Through a Lens Darkly: Black Photographers and the Emergence of a People
In telling this story and exploring its meanings, Harris’ well-crafted film uses interviews with a number of historians and black photographers. But its greatest asset…
Dennis Rodman is Daffy Duck. Dickey Simpkins is Elmer Fudd. Jud Buechler is the sexy Lola Bunny ("sound . . . fundamentally sound . . . although he lacks some of her features"). Ron Harper ("he'll kill me if I say this") is Porky Pig. Phil Jackson is Foghorn Leghorn ("I say, I say . . .").
And Michael Jordan is Bugs Bunny.
After spending the off-season acting with the Looney Tunes stars, Jordan couldn't help spotting some parallels with his Chicago Bulls teammates.
"Space Jam," his new Warner Bros. release, combines Michael in live action with Bugs and friends in cartoon form. After the movie's press premiere here over the weekend, he mused Monday evening about the traits they share.
"Bugs was kinda like me: Funny, pulls pranks all the time, light-hearted. . . ."
The movie had been applauded by visiting press from all over the country, and Michael was in a good, and relieved, mood. In the film, which will open Nov. 15, he plays himself, more or less: A baseball player in mid-slump who is kidnapped by Bugs and the Looney Tunes gang to play on their basketball team in a showdown match with the evil aliens of Moron Mountain, an amusement park in outer space.
At stake: The future of the Earth, of course.
Even the cartoon characters on the Moron team reminded him of real-life counterparts, he said. "Some of that physical play, that was the Detroit Pistons, the New York Knicks. And my halftime inspiration speech to the Tunes, about how you got to fight fire with fire, you have to bully the bully - that wasn't far off from some of the things I've said at halftime."
How good an actor does he think he is?
"I'm a learning actor. I can't say I'm good. This is a whole new arena. I've done commercials, which means four-hour, six-hour days. This is a long process, very meticulous, especially when you're trying to match up with an animated character you can't see."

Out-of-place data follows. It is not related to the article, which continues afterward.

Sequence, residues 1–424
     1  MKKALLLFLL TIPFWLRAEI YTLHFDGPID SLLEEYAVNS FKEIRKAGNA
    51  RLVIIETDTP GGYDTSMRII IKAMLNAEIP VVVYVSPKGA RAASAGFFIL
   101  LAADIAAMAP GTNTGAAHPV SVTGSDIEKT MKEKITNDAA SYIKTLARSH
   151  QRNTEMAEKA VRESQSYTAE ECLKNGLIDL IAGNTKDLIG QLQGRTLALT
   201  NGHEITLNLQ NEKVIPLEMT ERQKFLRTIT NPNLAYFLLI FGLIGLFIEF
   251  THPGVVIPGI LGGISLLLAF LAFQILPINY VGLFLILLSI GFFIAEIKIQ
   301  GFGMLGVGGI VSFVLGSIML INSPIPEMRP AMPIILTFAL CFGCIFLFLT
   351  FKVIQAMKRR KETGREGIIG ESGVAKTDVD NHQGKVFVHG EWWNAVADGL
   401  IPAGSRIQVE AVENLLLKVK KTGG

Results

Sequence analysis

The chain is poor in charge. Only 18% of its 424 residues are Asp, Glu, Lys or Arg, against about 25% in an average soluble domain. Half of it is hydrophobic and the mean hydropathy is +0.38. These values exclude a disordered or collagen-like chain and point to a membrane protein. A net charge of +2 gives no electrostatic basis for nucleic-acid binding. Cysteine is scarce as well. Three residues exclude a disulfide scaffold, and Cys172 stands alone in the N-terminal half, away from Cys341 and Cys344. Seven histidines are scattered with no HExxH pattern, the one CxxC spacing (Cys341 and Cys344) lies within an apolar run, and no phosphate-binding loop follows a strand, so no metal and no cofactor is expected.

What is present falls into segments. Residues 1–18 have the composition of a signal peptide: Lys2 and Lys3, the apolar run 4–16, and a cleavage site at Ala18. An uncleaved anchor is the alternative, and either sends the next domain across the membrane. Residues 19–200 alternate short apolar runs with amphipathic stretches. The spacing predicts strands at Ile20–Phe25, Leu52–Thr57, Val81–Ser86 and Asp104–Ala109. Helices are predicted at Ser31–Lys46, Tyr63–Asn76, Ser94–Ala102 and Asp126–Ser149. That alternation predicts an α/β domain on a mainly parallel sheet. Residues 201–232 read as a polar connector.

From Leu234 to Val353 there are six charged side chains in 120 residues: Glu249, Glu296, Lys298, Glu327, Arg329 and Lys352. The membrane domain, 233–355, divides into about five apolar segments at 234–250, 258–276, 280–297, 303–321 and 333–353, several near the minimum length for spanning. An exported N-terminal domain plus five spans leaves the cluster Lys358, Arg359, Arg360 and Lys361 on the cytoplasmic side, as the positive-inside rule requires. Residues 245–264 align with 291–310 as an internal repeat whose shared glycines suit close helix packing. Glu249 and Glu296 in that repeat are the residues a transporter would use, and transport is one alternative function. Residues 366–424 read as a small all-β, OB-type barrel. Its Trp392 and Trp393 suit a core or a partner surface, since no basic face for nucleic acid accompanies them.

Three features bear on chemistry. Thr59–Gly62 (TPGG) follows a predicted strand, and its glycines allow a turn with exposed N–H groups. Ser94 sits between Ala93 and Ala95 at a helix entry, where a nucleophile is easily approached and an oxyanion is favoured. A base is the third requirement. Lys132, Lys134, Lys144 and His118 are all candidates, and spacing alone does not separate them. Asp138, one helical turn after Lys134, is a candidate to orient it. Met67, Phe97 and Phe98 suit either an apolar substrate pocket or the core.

It was a help, he said, to work with director Joe Pytka, who has directed him in many commercials.
Although some of Jordan's scenes are with living humans such as Bill Murray, Larry Bird, Charles Barkley and Patrick Ewing, most of them are with Bugs, Daffy, and the morons from space. He played those scenes against a blue backdrop, so the cartoon characters could be drawn in later.
"They had these little people with green outfits moving around, trying to make sure my eye level was in the right place," he said with a grin.
The movie has a lot of sly fun with Michael's baseball career, including a scene in which the opposing pitcher is such a Jordan fan that he whispers tips to him while he's at the plate.
"There was some truth to that," Jordan said. "It happened in Phoenix, in winter ball. I gave the catcher a couple of autographs before the game, and when I'm standing at the plate, he whispers, `You're gonna get a fastball.' I didn't trust him, but sure enough, it was a fastball. Then he tells me to look for a pitch right down the middle. I told the director, and they wrote it in the script."
Isn't that against the rules of baseball? Could the umpire hear the catcher whispering?
"I'm pretty sure it is, but I gave the umpire a couple of autographed balls, too."
Jordan said he'd been offered many film projects but took "Space Jam" because he got to play himself. "I didn't know how difficult that could be. I got some pointers from actors I know, like Stan Shaw, T. K. Carter and Damon Wayans. Now I want to take a step back and evaluate. I'd like to make acting a hobby, learn more about it. It would be a pressure situation to carry a whole movie by myself."
"Space Jam" is G-rated, and I wondered if Jordan, with his image to think about, would be comfortable playing a villain, maybe in an R-rated movie.
"It depends. I don't want to go too far away from my personality. I wouldn't mind being a villain, but I'd like to be a funny villain. I smile so much, I don't know if I could do a stern, serious Arnold Schwarzenegger look."
As for studying his new craft at first hand, Jordan said there was a time when he simply couldn't go to the movies, "because even the ushers with flashlights would be creeping down the aisle, asking for my autograph. Now I have a system. I sneak in five minutes late, park my car by the exit, never go on weekends. . . ."
Although Jordan is one of the best-known people on the planet, he's not a star in the same sense as a movie star, and he said he isn't sure he wants to be.
"The demands are far more than in basketball. I know I don't want to move to Los Angeles, and I don't want to live the lifestyle of a lot of the actors. I like being able to mingle with the public, being accessible to a certain extent. I don't want to ever get isolated. A lot of times movie actors isolate themselves, probably because of the mystique they need for their profession, but as a basketball player, it's enhanced my career to be accessible to the public. It's always a danger when you change that, and I think the public can detect it, quickly."
One of the funniest sequences in the film occurs when the morons from space suck up the basketball talents of Ewing, Barkley and the other NBA stars. They become so hapless they can't even hold a basketball, much less catch one.
"I wish that would happen during a season," Jordan observed.
White privilege, lived.
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